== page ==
Lucy Osborn was the daughter of an Egyptologist. She was born in London, and as a young woman was said to be well educated and the "mistress of several languages". Lucy's main interest was in nursing. Against her family's wishes, Lucy attended the Florence Nightingale Training School attached to St Thomas' Hospital (1866), serving in both the men's and women's surgical, medical and accident wards.
When Henry Parkes, New South Wales politician (pre-Federation), was concerned about the state of the Sydney Infirmary and Dispensary, he appealed for help to Florence Nightingale for trained nurses. Lucy was sent out as Lady Superintendant of the Infirmary and was accompanied by 5 other trained nurses (1868). Lucy won Parkes' trust completely and threw herself into the almost impossible task of cleaning up the crumbling, foul smelling and vermin infested Infirmary. Lucy met with opposition from doctors and the Board, and was often lonely and dispiritid, but she stuck to her task. Lucy was continually obstructed by the surgeons and personally attacked in the Parliament (1868-1870).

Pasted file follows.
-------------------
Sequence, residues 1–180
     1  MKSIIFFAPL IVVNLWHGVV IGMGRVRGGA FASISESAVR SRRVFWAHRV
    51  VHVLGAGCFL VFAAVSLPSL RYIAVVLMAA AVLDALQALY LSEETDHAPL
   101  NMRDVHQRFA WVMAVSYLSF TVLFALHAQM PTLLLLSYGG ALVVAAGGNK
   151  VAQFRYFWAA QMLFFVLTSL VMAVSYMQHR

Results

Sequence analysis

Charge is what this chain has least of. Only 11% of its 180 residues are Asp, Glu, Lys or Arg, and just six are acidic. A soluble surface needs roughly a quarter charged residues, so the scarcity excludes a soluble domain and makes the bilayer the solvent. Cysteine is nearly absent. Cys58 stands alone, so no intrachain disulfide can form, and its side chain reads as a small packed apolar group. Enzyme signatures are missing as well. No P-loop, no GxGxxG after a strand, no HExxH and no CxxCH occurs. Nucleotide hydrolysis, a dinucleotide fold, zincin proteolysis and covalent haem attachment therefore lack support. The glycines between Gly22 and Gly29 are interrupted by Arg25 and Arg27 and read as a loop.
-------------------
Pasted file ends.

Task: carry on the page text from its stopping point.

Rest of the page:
A royal commission (1873) on public charities condemned the Sydney Infirmary, accusing the management committee of neglect and interfering in the duties of the nurses - Lucy was vindicated and the commission praised her work toward the improvement in the standards of nursing. So after six years, she had partially succeeded in her task and improvements were slowly coming about (1874).
Lucy retired from nursing (1878) and four years later (1880) the Infirmary's name was changed to the Sydney Hospital - Lucy had achieved her objectives. She returned to London, England, where she died (1891).